We welcome the openness of the statement they have posted on their website and the basic principles around which it is framed.
It is never a time for celebration when an important organisation of the revolutionary left goes into crisis and decline because, ultimately, the whole movement suffers. The question it poses, however, is how to build something new and better out of this experience and how to move on in a positive direction.
By Hao Qi
January 2014 -- Monthly Review -- In the past two decades, China’s economic growth has been increasingly dependent on investment.1 To maintain the growth of investment, China must sustain a fairly high rate of profit, and the fall in labour’s share has been seen as a crucial factor to sustain profitability.2 Using a raw measure of labour’s share—the compensation of employees as a percent of GDP—as shown by the bottom solid line in Chart 1, labour’s share has experienced a major decline from 51.4 percent in 1995 to 42.4 percent in 2007.
The latest land occupation facilitated by the National Land Institute is underway in the south-western state of Apure. Photo by Victor Hugo Majano/Aporrea.org.
By Ewan Robertson, Merida
January 13, 2014 -- Venezuelanalysis -- This year the Venezuelan government plans to continue its pace of land expropriations in order to move towards what it terms “agrarian socialism”.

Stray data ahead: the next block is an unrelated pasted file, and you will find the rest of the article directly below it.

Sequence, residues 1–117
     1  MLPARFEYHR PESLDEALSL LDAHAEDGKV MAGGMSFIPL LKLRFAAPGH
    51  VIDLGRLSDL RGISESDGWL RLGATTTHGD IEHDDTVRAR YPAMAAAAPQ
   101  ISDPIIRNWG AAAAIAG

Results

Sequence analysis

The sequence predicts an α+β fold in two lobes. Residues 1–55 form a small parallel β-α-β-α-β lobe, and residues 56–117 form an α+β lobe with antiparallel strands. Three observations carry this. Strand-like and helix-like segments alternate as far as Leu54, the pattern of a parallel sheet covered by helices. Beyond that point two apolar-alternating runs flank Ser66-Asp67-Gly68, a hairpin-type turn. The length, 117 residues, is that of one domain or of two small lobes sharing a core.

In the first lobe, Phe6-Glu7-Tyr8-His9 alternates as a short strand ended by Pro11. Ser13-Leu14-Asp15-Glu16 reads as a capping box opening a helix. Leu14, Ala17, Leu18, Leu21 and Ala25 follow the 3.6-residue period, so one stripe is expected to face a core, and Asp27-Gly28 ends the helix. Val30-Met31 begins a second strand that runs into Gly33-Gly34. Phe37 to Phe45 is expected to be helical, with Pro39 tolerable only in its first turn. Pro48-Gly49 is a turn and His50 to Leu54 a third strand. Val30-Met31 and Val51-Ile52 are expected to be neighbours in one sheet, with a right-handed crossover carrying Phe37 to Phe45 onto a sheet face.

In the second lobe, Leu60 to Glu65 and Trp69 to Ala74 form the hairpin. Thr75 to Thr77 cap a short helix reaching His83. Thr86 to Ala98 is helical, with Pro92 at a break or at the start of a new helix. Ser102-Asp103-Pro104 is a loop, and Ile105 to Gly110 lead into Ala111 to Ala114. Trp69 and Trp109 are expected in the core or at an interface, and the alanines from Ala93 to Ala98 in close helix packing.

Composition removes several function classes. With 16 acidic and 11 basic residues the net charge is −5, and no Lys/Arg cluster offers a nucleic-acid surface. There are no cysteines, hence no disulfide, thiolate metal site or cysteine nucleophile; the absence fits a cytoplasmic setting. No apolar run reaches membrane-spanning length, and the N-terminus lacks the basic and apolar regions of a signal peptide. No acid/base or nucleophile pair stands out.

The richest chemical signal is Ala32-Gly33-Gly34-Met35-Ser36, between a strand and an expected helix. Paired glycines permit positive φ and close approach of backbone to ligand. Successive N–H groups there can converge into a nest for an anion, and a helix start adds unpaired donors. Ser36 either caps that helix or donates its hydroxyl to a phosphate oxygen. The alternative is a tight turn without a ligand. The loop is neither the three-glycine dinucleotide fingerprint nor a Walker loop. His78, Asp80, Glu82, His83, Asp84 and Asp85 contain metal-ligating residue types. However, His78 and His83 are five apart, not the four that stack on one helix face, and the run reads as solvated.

According to the 2014 national budget, the government’s National Land Institute (INTI) aims to expropriate 350,000 hectares of land this year.
This compares with the goals of 350,000 and 397,000 hectares of land to be expropriated in 2012 and 2013 respectively, after the government began to increase the pace of land expropriations in 2011.
It is estimated that in the decade between 2001, when former president Hugo Chavez passed a law promoting land redistribution, and 2011, the INTI expropriated 3.6 million hectares of agricultural land.
Chicago Teachers Union members during their strike against Democratic Party mayor Rahm Emanuel's assault on public schools.
By Marilena Marchetti
January 14, 2014 -- Socialist Worker (USA) -- The Chicago Teachers Union wants to shake up the city and state political establishment. In a sweeping majority vote, representatives of the union's 23,000 members passed a resolution to launch an independent political organisation (IPO). The goal of the initiative is to unite progressive groups, non-profit organisations and trade unions around political campaigns that have the potential to sustain social movements and activism, rather than empowering Democratic Party candidates who have turned their back on teachers and public education.
The resolution concludes:
RESOLVED that the Chicago Teachers Union, along with key allies in the progressive labour movement and among progressive community organisations will launch an independent political organisation (IPO) that is capable of leading strong electoral and legislative campaigns to benefit working families, our active and retired members, and our communities, and be it further